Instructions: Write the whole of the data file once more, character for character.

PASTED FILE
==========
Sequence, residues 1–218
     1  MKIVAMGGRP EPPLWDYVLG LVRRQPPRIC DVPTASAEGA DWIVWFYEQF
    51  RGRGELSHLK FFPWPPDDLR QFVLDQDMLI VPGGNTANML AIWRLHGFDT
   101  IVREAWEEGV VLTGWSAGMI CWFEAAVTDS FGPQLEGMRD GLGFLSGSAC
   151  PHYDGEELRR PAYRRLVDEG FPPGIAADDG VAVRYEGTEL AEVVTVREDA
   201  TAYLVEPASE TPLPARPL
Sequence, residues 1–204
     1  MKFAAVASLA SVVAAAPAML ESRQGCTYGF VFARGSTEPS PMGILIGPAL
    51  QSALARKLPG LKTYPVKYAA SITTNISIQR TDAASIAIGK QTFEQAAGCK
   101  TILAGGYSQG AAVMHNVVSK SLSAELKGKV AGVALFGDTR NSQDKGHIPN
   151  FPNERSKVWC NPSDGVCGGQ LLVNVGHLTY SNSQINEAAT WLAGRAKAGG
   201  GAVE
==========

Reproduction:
Sequence, residues 1–218
     1  MKIVAMGGRP EPPLWDYVLG LVRRQPPRIC DVPTASAEGA DWIVWFYEQF
    51  RGRGELSHLK FFPWPPDDLR QFVLDQDMLI VPGGNTANML AIWRLHGFDT
   101  IVREAWEEGV VLTGWSAGMI CWFEAAVTDS FGPQLEGMRD GLGFLSGSAC
   151  PHYDGEELRR PAYRRLVDEG FPPGIAADDG VAVRYEGTEL AEVVTVREDA
   201  TAYLVEPASE TPLPARPL
Sequence, residues 1–204
     1  MKFAAVASLA SVVAAAPAML ESRQGCTYGF VFARGSTEPS PMGILIGPAL
    51  QSALARKLPG LKTYPVKYAA SITTNISIQR TDAASIAIGK QTFEQAAGCK
   101  TILAGGYSQG AAVMHNVVSK SLSAELKGKV AGVALFGDTR NSQDKGHIPN
   151  FPNERSKVWC NPSDGVCGGQ LLVNVGHLTY SNSQINEAAT WLAGRAKAGG
   201  GAVE